66. 66. Random mutation may produce mosquitoes which are resistant to the effects of DDT… …these are more likely to survive and pass on their genes to the next generation
  67. 67. NOTE
  68. 68. NOTE A resistant mosquito does not need to be totally resistant to the effects of DDT…
  69. 69. NOTE A resistant mosquito does not need to be totally resistant to the effects of DDT… … it may just be able to survive higher does of DDT than ‘normal’ mosquitoes.
  70. 70. The next generation contains more resistant mosquitoes
  71. 71. The next generation contains more resistant mosquitoes
  72. 72. The next generation contains more resistant mosquitoes Again, they are more likely to survive to reproduce, so…
  73. 73. The next generation contains more resistant mosquitoes Again, they are more likely to survive to reproduce, so… …the proportion of the population which is resistant to DDT increases
  74. 74. With each successive generation…
  75. 75. With each successive generation… …the proportion of the mosquito population which is resistant to DDT increases.
  76. 76. Eventually…
  77. 77. Eventually… …the whole population may consist of resistant mosquitoes
  78. 78. Spraying with DDT produces the selective pressure which favours the resistant mosquitoes.
  79. 79. Spraying with DDT produces the selective pressure which favours the resistant mosquitoes. Because they can resist the effects of DDT, the resistant mosquitoes are said to have a selective advantage
  80. 80. It may not be able to increase the dose of DDT used:
  81. 81. It may not be able to increase the dose of DDT used: - higher doses may be dangerous to humans
  82. 82. It may not be able to increase the dose of DDT used: - higher doses may be dangerous to humans - higher doses may be too damaging to other wildlife
  83. 83. It may not be able to increase the dose of DDT used: - higher doses may be dangerous to humans - higher doses may be too damaging to other wildlife Using higher doses of DDT will also produce the selective pressure which will favour mosquitoes with even higher levels of resistance
  84. 84. Peppered Moths • Dark vs. light variants • Polymorphism: two or more adult body forms contained within a single species and can interbreed
  85. 85. Peppered Moths • Dark vs. light variants • Polymorphism: two or more adult body forms contained within a single species and can interbreed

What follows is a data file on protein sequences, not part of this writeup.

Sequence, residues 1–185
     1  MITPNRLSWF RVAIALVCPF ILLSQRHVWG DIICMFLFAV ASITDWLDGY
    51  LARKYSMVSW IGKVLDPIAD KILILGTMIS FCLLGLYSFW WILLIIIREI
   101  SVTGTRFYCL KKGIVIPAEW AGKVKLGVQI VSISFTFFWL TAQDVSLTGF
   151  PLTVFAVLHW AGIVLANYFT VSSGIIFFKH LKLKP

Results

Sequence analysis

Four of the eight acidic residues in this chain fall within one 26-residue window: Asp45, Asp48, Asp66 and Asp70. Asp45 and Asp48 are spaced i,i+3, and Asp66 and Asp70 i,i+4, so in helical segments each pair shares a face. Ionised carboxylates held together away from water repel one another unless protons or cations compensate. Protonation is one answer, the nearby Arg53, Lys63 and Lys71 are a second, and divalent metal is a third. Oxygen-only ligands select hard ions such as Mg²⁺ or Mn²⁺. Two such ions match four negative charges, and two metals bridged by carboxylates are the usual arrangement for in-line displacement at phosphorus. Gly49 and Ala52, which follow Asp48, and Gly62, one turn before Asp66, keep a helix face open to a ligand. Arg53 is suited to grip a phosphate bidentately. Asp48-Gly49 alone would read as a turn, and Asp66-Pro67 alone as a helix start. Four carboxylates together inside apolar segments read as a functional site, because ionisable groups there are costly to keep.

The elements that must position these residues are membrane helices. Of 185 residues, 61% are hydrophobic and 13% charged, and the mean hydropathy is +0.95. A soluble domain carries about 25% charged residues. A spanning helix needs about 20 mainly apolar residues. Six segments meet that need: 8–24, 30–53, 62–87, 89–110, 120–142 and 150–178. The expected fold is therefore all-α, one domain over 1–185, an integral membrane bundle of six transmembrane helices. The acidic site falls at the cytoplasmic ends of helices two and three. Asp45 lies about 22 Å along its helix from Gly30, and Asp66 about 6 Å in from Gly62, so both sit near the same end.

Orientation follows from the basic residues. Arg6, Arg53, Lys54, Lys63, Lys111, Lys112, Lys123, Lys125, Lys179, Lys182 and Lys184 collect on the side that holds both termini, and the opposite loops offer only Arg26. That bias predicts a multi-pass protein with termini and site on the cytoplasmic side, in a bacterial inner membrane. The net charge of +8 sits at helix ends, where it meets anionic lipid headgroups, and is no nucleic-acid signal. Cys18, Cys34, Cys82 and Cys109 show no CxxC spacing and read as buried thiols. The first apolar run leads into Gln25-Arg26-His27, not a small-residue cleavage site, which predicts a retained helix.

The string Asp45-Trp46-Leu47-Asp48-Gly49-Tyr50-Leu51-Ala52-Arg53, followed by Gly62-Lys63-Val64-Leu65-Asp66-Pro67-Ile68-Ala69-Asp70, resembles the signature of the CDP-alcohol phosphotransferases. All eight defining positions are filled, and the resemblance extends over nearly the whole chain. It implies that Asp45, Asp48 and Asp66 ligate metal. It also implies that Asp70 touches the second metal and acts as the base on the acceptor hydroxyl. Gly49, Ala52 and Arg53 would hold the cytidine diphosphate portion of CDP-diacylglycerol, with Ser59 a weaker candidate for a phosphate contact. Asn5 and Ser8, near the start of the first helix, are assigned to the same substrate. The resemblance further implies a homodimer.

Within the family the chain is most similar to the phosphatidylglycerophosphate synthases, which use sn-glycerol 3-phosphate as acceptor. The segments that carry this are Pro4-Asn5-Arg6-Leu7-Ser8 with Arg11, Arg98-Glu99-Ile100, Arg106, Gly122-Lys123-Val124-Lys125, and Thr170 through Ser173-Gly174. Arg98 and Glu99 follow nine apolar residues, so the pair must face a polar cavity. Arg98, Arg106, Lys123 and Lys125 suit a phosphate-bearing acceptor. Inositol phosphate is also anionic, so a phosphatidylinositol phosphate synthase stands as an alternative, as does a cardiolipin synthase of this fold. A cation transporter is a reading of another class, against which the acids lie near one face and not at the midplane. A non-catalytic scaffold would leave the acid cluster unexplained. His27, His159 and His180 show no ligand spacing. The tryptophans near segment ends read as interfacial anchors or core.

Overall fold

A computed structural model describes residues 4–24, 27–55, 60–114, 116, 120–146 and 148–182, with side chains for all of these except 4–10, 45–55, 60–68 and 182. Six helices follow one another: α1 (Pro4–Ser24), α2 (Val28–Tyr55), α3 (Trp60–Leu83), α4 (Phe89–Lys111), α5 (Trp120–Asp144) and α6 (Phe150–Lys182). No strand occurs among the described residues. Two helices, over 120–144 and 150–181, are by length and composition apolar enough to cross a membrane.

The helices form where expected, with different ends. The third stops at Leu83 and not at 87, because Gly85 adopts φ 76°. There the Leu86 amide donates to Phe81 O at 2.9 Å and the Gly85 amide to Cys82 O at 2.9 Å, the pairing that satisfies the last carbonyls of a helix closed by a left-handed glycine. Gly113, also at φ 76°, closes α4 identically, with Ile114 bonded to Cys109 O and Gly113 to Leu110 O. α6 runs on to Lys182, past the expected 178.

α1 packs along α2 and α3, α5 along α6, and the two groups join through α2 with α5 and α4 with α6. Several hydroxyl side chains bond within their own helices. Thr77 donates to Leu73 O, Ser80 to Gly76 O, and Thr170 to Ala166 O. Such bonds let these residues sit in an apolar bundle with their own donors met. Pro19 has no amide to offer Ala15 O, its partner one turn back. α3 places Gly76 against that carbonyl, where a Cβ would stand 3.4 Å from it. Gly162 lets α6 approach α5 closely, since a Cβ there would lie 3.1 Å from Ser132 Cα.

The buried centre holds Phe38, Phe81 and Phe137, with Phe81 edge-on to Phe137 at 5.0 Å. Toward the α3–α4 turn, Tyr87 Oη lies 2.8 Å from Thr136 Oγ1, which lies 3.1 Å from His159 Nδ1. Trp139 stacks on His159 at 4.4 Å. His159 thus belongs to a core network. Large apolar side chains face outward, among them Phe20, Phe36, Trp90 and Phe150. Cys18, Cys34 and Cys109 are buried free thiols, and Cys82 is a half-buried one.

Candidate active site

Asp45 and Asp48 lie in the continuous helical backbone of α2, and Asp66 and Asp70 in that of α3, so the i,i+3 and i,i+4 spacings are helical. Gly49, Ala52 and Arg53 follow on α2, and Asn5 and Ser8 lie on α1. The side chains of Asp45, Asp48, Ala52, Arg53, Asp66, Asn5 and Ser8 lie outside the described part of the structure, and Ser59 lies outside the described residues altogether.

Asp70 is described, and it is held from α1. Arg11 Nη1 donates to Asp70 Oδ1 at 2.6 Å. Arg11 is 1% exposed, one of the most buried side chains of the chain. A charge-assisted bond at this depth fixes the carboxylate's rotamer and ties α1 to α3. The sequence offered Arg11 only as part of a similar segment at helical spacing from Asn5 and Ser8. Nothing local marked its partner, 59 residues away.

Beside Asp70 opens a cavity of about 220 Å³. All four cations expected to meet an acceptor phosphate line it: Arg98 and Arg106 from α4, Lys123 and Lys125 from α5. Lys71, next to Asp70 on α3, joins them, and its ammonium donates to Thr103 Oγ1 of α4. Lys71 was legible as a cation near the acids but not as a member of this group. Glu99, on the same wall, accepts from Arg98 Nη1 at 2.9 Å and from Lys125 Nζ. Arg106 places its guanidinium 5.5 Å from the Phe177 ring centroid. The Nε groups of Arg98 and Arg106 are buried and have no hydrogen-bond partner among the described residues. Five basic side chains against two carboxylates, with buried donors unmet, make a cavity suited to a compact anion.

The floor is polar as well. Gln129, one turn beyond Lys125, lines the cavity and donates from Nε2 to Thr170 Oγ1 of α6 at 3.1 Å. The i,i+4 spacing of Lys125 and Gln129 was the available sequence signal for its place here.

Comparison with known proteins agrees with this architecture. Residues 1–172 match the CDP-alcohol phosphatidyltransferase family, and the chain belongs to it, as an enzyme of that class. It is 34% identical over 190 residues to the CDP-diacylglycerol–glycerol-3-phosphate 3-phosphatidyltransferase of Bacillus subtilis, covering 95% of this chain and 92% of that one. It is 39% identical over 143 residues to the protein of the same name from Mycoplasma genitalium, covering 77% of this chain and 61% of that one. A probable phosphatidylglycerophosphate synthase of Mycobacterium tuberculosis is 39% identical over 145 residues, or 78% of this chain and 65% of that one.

86. 86. Peppered Moths • Dark vs. light variants • Polymorphism: two or more adult body forms contained within a single species and can interbreed
  87. 87. Peppered Moths • Dark vs. light variants • Polymorphism: two or more adult body forms contained within a single species and can interbreed
  88. 88. Peppered Moths • Dark vs. light variants • Polymorphism: two or more adult body forms contained within a single species and can interbreed Year % dark % light
  89. 89. Peppered Moths • Dark vs. light variants • Polymorphism: two or more adult body forms contained within a single species and can interbreed Year % dark % light 1848 5 95
  90. 90. Peppered Moths • Dark vs. light variants • Polymorphism: two or more adult body forms contained within a single species and can interbreed Year % dark % light 1848 5 95 1895 98 2
  91. 91. Peppered Moths • Dark vs. light variants • Polymorphism: two or more adult body forms contained within a single species and can interbreed Year % dark % light 1848 5 95 1895 98 2 1995 19 81
  92. 92. Peppered Moths
  93. 93. Peppered Moths • What was the selection factor?
  94. 94. Peppered Moths • What was the selection factor? – early 1800s = pre-industrial England
  95. 95. Peppered Moths • What was the selection factor? – early 1800s = pre-industrial England • low pollution
  96. 96. Peppered Moths • What was the selection factor? – early 1800s = pre-industrial England • low pollution
  97. 97. Peppered Moths • What was the selection factor? – early 1800s = pre-industrial England • low pollution • lichen growing on trees = light colored bark
  98. 98. Peppered Moths • What was the selection factor? – early 1800s = pre-industrial England • low pollution • lichen growing on trees = light colored bark – late 1800s = industrial England
  99. 99. Peppered Moths • What was the selection factor? – early 1800s = pre-industrial England • low pollution • lichen growing on trees = light colored bark – late 1800s = industrial England • factories = soot coated trees
  100. 100. Peppered Moths • What was the selection factor? – early 1800s = pre-industrial England • low pollution • lichen growing on trees = light colored bark – late 1800s = industrial England • factories = soot coated trees • killed lichen = dark colored bark
  101. 101. Peppered Moths • What was the selection factor? – early 1800s = pre-industrial England • low pollution • lichen growing on trees = light colored bark – late 1800s = industrial England • factories = soot coated trees • killed lichen = dark colored bark – mid 1900s = pollution controls
  102. 102. Peppered Moths • What was the selection factor? – early 1800s = pre-industrial England • low pollution • lichen growing on trees = light colored bark – late 1800s = industrial England • factories = soot coated trees • killed lichen = dark colored bark – mid 1900s = pollution controls • clean air laws
  103. 103. Peppered Moths • What was the selection factor? – early 1800s = pre-industrial England • low pollution • lichen growing on trees = light colored bark – late 1800s = industrial England • factories = soot coated trees • killed lichen = dark colored bark – mid 1900s = pollution controls • clean air laws • return of lichen = light colored bark
  104. 104. Peppered Moths • What was the selection factor? – early 1800s = pre-industrial England • low pollution • lichen growing on trees = light colored bark – late 1800s = industrial England • factories = soot coated trees • killed lichen = dark colored bark – mid 1900s = pollution controls • clean air laws • return of lichen = light colored bark – industrial melanism